RYK VAN NIEKERK: But a lot has changed in the last few months, we have a new US president, who has interesting economic policies and the markets seem to love him, do you think that may return some economic uncertainty in the market, which could drive people back to more conservative assets?
HLELO GIYOSE: I think it’s going to do two things, the first thing that it’s going to do is that it’s going to boost profitability. That’s the first thing it’s going to do. It’s going to boost profitability of companies, especially financial services companies that were highly regulated. As you know Trump ran on the campaign pledge of for every new regulation that comes on you have to take out two and he signed an executive order two weeks ago for exactly that purpose. But we also know that he thinks that the US tax code is very complicated and the US is not competitive on a tax basis, he wants to bring the tax rate down 15%. That will benefit everyone, that’s a tide that raises all boats.
RYK VAN NIEKERK: If you can do it because the US has massive debt.
HLELO GIYOSE: Well, what he’s going to do on the other hand, which is where a lot of the uncertainty is going to come from, to fund that guess what he’s going to do, he’s going to cut all, if not most social spending the US government has engaged in so far. So mandatory cover by ObamaCare, some programmes that go to children in school and so on, he will just go line by line cutting them in order to fund this because he will figure that if you cut the tax rate you will stimulate the economy to create jobs, so that people can fend for themselves rather than being funded by the government. It will be true in some instances and it will not be true in other instances but as the economy flexes to try and cope with this that’s what will cause uncertainty. But you don’t even have to crystal gaze, let’s forget about what I say about Trump because, after all, I shouldn’t really take economic views with other people’s money, their guess is about as good as mine, let’s simply look at valuations in the United States , the valuations are high. Go through all the sectors, tell me which sector is cheap? With high valuations, rising interest rates, rising inflation, what happens, the market comes off. No matter what Trump does the market comes off, it’s as simple as that. So if you stay focused on investment perspectives versus handicapping what politically Trump may do and how that may result in the economy because I’m not good enough to do that, maybe some people are. I can simply tell you that in the next 12 months, if not 18 months, we should have a market crash. There is no way that rates go up in the US and don’t go up in Europe sooner or later, and don’t go up in China sooner or later, and marginal [11:19] companies don’t take a hit. Then the market is back to seeking certainty.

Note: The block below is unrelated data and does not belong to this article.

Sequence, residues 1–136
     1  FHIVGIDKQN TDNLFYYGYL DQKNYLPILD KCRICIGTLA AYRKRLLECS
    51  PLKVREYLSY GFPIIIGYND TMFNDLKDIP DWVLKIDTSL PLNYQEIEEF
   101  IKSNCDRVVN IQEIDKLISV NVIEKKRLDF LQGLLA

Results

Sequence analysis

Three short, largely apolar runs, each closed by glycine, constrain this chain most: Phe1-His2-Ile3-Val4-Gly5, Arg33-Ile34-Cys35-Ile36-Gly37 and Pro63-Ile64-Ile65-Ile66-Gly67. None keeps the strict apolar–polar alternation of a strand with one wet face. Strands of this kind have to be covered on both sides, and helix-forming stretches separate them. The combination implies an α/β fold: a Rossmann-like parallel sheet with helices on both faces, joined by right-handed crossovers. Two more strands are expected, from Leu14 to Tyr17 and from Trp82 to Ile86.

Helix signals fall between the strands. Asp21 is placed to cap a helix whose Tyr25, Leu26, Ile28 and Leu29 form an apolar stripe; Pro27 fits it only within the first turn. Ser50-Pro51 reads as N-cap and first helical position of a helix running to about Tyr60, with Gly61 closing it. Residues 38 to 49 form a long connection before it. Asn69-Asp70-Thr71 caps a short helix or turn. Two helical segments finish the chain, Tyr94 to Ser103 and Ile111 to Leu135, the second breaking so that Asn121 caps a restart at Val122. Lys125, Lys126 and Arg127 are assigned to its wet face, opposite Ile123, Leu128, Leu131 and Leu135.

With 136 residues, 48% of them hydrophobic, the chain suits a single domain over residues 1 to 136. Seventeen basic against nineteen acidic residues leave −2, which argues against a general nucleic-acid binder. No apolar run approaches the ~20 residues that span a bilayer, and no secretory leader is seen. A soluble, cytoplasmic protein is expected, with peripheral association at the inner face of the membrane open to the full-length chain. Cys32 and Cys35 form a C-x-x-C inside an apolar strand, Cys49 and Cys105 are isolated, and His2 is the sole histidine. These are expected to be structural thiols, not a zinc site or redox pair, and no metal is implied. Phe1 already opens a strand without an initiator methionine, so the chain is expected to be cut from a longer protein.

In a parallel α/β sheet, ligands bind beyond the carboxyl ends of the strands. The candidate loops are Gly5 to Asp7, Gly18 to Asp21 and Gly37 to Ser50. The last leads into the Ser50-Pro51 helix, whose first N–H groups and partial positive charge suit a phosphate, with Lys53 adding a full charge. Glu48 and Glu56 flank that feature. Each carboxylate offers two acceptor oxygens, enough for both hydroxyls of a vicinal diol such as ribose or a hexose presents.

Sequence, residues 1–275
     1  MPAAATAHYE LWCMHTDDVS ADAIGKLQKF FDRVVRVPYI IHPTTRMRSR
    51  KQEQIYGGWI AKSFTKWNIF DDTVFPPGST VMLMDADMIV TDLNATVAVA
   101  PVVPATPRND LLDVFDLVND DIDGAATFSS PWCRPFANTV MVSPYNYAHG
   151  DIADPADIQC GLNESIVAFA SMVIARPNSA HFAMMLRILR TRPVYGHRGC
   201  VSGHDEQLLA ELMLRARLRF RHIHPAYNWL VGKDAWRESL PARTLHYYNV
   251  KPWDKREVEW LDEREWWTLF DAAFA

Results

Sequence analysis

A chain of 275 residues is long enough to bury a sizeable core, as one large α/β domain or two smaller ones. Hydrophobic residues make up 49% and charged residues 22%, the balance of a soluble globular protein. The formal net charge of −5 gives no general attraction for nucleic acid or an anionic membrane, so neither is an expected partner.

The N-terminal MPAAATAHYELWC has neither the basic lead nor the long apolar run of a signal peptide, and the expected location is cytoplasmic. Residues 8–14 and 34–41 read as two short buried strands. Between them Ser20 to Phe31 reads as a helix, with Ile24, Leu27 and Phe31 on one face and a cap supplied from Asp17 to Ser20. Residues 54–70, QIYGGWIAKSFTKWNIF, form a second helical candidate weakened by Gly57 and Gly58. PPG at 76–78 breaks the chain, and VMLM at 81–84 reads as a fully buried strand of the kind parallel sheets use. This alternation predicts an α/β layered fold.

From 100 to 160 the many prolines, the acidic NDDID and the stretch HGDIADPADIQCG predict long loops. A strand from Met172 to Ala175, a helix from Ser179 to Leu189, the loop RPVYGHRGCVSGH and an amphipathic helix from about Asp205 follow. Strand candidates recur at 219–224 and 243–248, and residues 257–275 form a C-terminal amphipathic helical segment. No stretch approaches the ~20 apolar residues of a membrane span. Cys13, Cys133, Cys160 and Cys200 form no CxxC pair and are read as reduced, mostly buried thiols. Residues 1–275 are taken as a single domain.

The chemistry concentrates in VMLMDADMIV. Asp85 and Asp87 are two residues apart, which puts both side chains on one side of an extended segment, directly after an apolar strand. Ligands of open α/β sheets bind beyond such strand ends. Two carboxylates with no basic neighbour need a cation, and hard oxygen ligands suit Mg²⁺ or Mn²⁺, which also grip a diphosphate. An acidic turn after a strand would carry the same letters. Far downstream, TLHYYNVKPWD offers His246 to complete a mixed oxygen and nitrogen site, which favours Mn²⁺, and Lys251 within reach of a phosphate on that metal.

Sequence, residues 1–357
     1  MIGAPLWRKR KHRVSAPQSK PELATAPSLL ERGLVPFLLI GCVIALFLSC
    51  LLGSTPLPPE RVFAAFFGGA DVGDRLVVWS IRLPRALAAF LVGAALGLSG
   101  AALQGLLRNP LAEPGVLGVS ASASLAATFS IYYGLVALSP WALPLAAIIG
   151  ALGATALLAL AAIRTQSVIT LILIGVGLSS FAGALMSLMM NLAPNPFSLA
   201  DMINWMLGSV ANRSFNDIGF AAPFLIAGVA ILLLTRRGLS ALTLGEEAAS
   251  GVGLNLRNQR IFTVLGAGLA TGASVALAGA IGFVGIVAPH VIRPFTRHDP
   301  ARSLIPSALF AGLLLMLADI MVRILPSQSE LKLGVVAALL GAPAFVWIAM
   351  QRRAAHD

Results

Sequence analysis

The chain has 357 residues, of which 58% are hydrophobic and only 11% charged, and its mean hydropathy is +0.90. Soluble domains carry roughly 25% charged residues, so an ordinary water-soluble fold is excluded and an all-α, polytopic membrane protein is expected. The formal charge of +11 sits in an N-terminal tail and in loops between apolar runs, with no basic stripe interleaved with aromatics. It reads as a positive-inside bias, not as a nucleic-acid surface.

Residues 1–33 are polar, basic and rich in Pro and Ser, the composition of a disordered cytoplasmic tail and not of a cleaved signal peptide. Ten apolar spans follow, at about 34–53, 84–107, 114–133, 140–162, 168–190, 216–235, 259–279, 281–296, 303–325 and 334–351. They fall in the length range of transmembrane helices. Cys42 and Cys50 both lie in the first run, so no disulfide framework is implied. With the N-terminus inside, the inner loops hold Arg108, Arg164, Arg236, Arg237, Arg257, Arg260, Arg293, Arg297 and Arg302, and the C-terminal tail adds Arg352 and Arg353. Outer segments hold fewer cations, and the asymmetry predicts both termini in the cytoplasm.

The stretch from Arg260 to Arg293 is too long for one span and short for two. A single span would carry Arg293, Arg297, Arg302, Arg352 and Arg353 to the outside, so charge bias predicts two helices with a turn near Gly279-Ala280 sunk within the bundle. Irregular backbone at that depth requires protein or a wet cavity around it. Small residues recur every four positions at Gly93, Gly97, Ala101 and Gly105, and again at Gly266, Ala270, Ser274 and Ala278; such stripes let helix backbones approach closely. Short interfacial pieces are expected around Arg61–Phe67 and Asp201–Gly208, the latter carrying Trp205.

RYK VAN NIEKERK: A very interesting perspective. Within that context do you think there are still opportunities for South Africans to take money offshore? It has been a theme of recent years, especially when the rand devalues, it has strengthened now slightly, is this an opportunity or rather be conservative and stay at home?
HLELO GIYOSE: The biggest value-add to investors over time, the biggest value-add is not whether or not you give your offshore money to a US manager or a local manager to manage global equities, the biggest value-add is when do you take your money out? That is the biggest value-add. If you can determine that, which is a very, very difficult thing, I would personally say the answer to when you do it is very simple, if you want to take your money out, never bring it back. If you put some of your money in dollars and you put some in Swiss francs and you put some in pounds and you leave some in rands, have that as a standing allocation but you only have that as a standing allocation because what you want to do is do two things, you may have consumption that you want to do later on overseas, you may have to pay for your kid’s university fees later on or you may just know that structurally the rand will depreciate relative to those currencies. So over time if you have to subsist or to exist on some money coming from the US when you convert it back to rands it will boost your quality of living, it will boost your income levels in South Africa. That’s the reason why you do it but what you do not do is say, well, it’s cheap to take it out today, it’s a good time to take it out today and then when it hits R15 or R16 you bring it back. Now you are playing the currency and you are not good enough to do that. You should take the money out on condition that it serves a purpose in your life and keep it in that allocation.